- rheumatoid arthritis,
- systemic lupus,
- acute gouty arthritis,
- psoriatic arthritis,
- ulcerative colitis, and
- Crohn's disease.
Multimedia: Slideshows, Images & Quizzes
Gout Quiz: What is Gout? Is There a Gout Diet?
Learn what causes those painful crystals to form during a gout flare. Take the Gout Quiz to learn all about this painful...
Rheumatoid Arthritis Quiz: What is Rheumatoid Arthritis?
How is rheumatoid arthritis different from other forms of arthritis, such as osteoarthritis and gout? Take the Rheumatoid...
Picture of Acute Systemic Lupus
Acute systemic lupus erythematosus. See a picture of Acute Systemic Lupus and learn more about the health topic....
Related Disease Conditions
Colitis (Symptoms, Types, and Treatments)
Colitis refers to inflammation of the inner lining of the colon. Symptoms of the inflammation of the colon lining include...
Laryngitis is an inflammation of the voice box (vocal cords). The most common cause of acute laryngitis is infection, which...
Psoriasis is a long-term skin condition that may cause large plaques of red, raised skin, flakes of dry skin, and skin scales....
Eczema is a general term for many types dermatitis (skin inflammation). Atopic dermatitis is the most common of the many types of...
Leukemia is a type of cancer of the blood cells in which the growth and development of the blood cells are abnormal. Strictly...
Anemia is the condition of having less than the normal number of red blood cells or less than the normal quantity of hemoglobin...
Gout (Gouty Arthritis)
Buildup of uric acid crystals in a joint causes gouty arthritis. Symptoms and signs include joint pain, swelling, heat, and...
Rheumatoid Arthritis (RA)
Rheumatoid arthritis (RA) is an autoimmune disease that causes chronic inflammation of the joints, the tissue around the joints,...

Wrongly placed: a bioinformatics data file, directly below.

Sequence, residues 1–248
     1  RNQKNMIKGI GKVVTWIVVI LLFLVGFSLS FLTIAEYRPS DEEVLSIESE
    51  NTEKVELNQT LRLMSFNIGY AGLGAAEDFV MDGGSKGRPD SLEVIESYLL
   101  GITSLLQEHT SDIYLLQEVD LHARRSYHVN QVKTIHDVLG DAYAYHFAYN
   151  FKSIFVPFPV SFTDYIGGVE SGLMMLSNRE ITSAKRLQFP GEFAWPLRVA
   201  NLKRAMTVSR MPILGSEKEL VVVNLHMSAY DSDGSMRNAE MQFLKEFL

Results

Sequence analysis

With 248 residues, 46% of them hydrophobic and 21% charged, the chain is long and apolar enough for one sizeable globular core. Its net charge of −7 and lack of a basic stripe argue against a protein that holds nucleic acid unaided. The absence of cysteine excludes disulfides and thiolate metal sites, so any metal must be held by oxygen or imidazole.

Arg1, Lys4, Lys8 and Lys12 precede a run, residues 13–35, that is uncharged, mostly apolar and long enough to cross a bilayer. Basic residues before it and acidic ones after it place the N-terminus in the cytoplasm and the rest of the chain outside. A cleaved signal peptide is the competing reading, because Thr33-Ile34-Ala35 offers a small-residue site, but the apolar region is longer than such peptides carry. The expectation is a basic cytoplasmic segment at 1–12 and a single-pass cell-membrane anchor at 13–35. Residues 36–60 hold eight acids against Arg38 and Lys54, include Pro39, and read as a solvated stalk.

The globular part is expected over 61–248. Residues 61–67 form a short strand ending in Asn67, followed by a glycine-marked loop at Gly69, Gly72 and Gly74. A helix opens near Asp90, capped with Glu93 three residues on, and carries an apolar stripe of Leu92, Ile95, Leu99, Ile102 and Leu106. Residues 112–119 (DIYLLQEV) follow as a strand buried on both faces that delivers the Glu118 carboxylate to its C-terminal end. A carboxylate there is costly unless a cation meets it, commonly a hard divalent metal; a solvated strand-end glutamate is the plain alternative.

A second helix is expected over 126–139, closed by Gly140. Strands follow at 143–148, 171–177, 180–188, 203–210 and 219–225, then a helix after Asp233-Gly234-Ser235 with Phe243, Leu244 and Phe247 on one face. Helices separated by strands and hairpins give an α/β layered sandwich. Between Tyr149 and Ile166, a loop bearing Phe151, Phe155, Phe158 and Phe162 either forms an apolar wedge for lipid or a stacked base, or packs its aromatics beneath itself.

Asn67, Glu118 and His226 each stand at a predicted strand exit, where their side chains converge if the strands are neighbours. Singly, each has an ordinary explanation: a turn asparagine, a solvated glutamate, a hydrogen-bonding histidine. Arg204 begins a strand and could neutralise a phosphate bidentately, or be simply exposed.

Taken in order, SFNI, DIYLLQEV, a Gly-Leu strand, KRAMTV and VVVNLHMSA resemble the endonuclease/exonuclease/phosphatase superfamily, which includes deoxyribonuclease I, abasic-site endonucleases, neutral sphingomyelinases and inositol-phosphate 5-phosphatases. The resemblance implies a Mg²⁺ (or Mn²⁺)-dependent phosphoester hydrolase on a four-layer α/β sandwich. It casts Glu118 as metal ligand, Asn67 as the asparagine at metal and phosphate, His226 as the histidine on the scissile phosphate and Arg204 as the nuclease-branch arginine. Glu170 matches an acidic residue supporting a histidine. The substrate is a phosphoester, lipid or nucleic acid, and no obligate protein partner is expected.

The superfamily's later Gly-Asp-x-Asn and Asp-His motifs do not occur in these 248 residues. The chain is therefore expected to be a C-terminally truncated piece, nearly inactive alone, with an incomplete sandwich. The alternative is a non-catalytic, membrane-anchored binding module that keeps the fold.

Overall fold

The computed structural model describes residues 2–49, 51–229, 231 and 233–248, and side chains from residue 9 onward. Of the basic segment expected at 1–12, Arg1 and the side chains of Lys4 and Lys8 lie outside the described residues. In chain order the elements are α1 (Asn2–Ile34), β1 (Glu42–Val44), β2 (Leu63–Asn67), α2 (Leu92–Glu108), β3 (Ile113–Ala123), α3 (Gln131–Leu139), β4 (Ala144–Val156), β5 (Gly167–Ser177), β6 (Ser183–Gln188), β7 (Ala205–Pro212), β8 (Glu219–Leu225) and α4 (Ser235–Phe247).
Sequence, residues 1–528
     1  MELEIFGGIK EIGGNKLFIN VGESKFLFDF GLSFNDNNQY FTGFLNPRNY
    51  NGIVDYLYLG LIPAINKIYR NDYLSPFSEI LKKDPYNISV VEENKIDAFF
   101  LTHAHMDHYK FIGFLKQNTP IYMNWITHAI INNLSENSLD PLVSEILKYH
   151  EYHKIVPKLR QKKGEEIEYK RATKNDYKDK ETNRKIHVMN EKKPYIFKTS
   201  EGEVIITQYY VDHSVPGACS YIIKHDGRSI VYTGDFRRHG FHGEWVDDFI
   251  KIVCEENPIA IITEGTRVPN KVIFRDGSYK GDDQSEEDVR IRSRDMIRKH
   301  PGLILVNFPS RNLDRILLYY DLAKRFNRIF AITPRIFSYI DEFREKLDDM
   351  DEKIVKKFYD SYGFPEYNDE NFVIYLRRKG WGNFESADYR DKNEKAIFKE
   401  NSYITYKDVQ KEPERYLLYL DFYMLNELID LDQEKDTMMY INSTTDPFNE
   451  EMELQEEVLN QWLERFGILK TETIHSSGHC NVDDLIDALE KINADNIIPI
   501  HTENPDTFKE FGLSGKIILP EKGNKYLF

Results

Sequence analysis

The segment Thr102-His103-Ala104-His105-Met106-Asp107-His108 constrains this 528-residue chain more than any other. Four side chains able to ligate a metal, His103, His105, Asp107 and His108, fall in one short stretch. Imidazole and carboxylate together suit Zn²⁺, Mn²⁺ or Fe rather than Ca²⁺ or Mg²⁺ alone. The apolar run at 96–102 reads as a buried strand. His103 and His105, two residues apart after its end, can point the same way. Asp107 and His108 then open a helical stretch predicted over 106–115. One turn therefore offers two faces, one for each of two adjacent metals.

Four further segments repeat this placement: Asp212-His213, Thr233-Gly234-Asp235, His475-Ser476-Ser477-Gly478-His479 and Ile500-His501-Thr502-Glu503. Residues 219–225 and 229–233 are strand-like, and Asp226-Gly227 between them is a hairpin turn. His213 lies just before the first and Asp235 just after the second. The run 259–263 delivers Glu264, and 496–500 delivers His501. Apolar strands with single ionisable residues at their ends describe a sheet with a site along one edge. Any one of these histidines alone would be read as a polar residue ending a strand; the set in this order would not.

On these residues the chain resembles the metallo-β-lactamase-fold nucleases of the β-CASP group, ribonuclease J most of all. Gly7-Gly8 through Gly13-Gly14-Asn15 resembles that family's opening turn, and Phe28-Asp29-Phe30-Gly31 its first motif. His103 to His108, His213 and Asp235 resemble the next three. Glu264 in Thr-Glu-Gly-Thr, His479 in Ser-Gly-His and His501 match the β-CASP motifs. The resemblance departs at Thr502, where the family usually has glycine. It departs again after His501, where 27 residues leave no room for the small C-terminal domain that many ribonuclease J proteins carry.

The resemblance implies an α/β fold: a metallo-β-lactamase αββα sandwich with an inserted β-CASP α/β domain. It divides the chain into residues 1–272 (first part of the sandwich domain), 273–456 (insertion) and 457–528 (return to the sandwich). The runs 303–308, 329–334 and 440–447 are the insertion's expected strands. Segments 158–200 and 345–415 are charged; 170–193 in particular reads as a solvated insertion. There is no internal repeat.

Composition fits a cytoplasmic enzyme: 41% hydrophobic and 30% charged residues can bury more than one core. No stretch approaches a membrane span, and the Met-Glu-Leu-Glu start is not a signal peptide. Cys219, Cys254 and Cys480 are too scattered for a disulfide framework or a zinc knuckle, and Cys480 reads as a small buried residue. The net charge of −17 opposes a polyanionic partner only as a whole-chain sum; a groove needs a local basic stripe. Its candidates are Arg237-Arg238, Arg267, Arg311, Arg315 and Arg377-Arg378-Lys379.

Crohn's Disease (Symptoms, Causes, Diet, Treatment, Life Expectancy)
Crohn's disease is a chronic inflammatory disease, primarily involving the small and large intestine, but which can affect...
Eczema refers to skin inflammation. There are many different types of eczema that produce symptoms and signs that range from...
Amyloidosis is a group of diseases resulting from abnormal deposition of certain proteins (amyloids) in various bodily areas. The...
Ulcerative colitis is a chronic inflammation of the colon. Symptoms include abdominal pain, diarrhea, and rectal bleeding....
Non-Hodgkin's lymphoma is cancer of the lymphatic system, a vital part of the body's immune system. Symptoms and signs include...
Lupus (Systemic Lupus Erythematosus or SLE)
Systemic lupus erythematosus is a condition characterized by chronic inflammation of body tissues caused by autoimmune disease....
Sarcoidosis, a disease resulting from chronic inflammation, causes small lumps (granulomas) to develop in a great range of body...
Asthma is a condition in which hyperreactive airways constrict and result in symptoms like wheezing, coughing, and shortness of...
Psoriatic arthritis is a disease that causes skin and joint inflammation. Symptoms include painful, stiff, and swollen joints,...
Hay Fever (Allergic Rhinitis)
Hay fever (allergic rhinitis) is an irritation of the nose caused by pollen and is associated with the following allergic...
Eye allergy (or allergic eye disease) are typically associated with hay fever and atopic dermatitis. Medications and cosmetics...
Cushing's syndrome, sometimes referred to as hypercortisolism, is a hormonal disorder caused by prolonged exposure to high levels...
Thyroiditis is the inflammation of the thyroid gland. The inflamed thyroid gland can release an excess of thyroid hormones into...
There are two types of asthma medications: long-term control with anti-inflammatory drugs and quick relief from bronchodilators....
Asthma in Children
Asthma in children manifests with symptoms such as coughing and wheezing. Rates of asthma in children are increasing. Asthma in...
There are many unusual symptoms of asthma, including sighing, difficulty sleeping, anxiety, chronic cough, recurrent walking...
Treatment & Diagnosis
- Gout FAQs
- Rheumatoid Arthritis FAQs
- Medication Disposal
- Dangers of Mixing Medications
- How To Reduce Your Medication Costs
- Pharmacy Visit, How To Get The Most Out of Your Visit
- Indications for Drugs: Approved vs. Non-approved
- Drugs: Buying Prescription Drugs Online Safely
- Drugs: The Most Common Medication Errors
- Generic Drugs, Are They as Good as Brand-Names?
Medications & Supplements
Prevention & Wellness
Health Solutions From Our Sponsors
Report Problems to the Food and Drug Administration
You are encouraged to report negative side effects of prescription drugs to the FDA. Visit the FDA MedWatch website or call 1-800-FDA-1088.